Stressed Out? 12 Tips to Help You Deal With Stress During Pregnancy

4. Do your homework. Learn as much about pregnancy and its ramifications as you can. Read, talk to friends, attend classes and talk to your doctor or midwife to learn as much as possible not only about the biology of pregnancy but about its emotional implications as well. In this way, if you do begin to experience new and disturbing emotions you'll at least not be surprised by them.

5. Give yourself permission to relax.
This means making time specifically for relaxation, not doing so only when the odd spare moment occurs. Take time to do whatever makes you feel good. Read a book, see a movie, have a massage, sleep in late when you can. Each of us has our own means of personal "profit taking." Make sure you do some, do your best to enjoy it and by no means allow yourself to feel guilty about it.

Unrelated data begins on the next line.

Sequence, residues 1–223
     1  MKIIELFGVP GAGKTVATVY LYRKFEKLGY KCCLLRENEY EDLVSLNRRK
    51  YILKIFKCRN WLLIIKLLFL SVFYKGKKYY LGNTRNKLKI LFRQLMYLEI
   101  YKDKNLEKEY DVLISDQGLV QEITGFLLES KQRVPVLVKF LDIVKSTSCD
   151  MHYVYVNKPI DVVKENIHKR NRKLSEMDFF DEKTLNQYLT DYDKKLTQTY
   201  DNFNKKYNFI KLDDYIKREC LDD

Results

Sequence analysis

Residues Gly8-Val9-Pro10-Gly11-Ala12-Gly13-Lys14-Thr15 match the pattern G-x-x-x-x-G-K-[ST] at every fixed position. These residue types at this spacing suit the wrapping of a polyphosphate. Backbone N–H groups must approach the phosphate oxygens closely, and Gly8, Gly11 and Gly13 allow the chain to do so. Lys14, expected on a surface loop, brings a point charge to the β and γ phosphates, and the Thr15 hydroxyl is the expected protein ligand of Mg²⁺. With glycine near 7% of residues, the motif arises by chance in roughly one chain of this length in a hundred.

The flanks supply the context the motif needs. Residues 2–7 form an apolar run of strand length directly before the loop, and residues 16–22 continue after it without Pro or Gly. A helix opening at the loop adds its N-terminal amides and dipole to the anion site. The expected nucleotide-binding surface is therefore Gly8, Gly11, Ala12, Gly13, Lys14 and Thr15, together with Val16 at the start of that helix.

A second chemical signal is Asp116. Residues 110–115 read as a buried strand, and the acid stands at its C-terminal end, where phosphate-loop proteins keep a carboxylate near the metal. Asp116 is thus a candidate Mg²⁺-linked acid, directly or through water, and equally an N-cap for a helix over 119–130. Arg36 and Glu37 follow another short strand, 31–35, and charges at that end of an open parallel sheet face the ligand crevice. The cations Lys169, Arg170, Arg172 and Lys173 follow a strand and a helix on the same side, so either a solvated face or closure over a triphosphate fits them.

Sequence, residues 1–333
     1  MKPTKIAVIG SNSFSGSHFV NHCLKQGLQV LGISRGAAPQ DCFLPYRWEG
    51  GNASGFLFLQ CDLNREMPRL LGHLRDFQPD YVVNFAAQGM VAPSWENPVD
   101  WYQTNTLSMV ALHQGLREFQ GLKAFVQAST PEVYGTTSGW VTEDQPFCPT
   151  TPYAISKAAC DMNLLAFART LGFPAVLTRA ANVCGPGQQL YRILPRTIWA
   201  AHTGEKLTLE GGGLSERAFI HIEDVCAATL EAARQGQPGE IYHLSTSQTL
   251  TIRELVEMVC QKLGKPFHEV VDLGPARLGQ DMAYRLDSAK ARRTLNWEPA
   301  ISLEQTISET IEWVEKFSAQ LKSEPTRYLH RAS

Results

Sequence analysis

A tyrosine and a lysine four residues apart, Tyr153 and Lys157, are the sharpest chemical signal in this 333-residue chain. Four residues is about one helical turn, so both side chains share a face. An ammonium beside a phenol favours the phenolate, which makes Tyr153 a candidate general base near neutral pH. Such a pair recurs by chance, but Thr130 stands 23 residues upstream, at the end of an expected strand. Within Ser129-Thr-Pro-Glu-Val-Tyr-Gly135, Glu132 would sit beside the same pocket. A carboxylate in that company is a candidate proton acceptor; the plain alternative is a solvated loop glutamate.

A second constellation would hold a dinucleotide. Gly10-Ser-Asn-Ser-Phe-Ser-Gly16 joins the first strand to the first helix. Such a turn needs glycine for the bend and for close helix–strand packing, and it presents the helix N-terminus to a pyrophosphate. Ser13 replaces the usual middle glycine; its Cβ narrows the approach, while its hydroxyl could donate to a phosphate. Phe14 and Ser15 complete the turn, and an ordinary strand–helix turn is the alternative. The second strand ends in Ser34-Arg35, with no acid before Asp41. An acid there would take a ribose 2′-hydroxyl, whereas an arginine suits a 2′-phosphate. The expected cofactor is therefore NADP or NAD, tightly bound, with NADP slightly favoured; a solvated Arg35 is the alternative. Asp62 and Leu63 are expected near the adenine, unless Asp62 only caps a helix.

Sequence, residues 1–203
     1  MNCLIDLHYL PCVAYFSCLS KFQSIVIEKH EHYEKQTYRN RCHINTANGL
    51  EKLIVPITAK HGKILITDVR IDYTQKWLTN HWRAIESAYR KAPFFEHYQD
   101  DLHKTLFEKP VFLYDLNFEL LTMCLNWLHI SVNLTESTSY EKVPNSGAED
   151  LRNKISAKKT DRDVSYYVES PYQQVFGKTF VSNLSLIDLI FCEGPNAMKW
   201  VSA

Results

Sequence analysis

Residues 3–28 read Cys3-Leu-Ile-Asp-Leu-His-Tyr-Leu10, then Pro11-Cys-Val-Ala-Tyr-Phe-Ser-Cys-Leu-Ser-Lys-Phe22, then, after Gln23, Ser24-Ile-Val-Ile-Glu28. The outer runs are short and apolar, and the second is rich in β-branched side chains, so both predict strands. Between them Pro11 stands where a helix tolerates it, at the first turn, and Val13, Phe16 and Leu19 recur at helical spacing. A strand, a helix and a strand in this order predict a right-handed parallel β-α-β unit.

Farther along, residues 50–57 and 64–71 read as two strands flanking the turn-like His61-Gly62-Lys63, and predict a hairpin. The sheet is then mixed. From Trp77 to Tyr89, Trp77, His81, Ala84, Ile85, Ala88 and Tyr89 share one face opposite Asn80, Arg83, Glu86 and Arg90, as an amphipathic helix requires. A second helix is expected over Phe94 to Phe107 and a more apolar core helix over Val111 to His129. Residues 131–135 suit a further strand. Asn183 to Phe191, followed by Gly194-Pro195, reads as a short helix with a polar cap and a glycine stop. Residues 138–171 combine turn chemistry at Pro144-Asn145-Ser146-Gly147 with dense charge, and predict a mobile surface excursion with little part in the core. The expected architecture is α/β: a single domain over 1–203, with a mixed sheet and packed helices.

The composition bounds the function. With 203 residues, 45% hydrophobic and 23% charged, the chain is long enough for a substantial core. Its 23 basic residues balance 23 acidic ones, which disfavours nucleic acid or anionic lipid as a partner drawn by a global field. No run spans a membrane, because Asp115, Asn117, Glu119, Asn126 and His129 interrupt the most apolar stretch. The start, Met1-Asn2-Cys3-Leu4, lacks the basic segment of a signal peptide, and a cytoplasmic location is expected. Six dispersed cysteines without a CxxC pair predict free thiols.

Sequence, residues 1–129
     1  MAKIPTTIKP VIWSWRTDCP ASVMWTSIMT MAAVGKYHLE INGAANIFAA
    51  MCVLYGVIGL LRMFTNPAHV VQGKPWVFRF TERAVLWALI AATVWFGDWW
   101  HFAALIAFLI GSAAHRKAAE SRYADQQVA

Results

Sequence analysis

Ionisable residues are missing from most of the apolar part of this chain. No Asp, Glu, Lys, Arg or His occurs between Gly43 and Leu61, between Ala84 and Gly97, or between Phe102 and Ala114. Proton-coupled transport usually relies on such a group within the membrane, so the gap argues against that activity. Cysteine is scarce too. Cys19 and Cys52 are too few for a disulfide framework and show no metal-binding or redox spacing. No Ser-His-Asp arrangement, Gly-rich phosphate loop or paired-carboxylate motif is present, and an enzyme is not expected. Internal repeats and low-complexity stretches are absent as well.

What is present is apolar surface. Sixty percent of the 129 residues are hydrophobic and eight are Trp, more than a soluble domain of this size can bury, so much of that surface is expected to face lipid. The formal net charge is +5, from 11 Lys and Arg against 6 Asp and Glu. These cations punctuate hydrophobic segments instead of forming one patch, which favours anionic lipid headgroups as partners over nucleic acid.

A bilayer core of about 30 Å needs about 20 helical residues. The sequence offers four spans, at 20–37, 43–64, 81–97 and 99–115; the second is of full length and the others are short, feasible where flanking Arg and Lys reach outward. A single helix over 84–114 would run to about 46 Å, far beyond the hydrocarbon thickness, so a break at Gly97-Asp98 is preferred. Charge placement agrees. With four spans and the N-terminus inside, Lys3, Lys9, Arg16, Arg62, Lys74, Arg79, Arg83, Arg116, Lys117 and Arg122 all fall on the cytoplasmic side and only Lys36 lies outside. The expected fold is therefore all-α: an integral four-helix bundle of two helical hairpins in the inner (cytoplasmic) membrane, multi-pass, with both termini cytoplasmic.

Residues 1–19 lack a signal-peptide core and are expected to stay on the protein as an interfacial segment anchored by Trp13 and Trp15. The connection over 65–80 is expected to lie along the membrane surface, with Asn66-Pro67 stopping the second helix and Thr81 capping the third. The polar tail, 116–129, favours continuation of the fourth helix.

6. Teach yourself -- or get taught -- relaxation techniques.
It has been shown by many researchers, notably Herbert Benson, M.D., and Alice Domar, PhD., that by learning to elicit a state of deep physical rest on command, both your body and your mind return to a calm, relaxed state. Heart rate, blood pressure, stress hormone levels and muscle tension will drop. The mind experiences a marked diminution in tension and perception of stress. This is called the Relaxation Response. Techniques for eliciting the response can be learned from health care providers or by reading the excellent description of it in Dr. Alice Domar's Self-Nurture.

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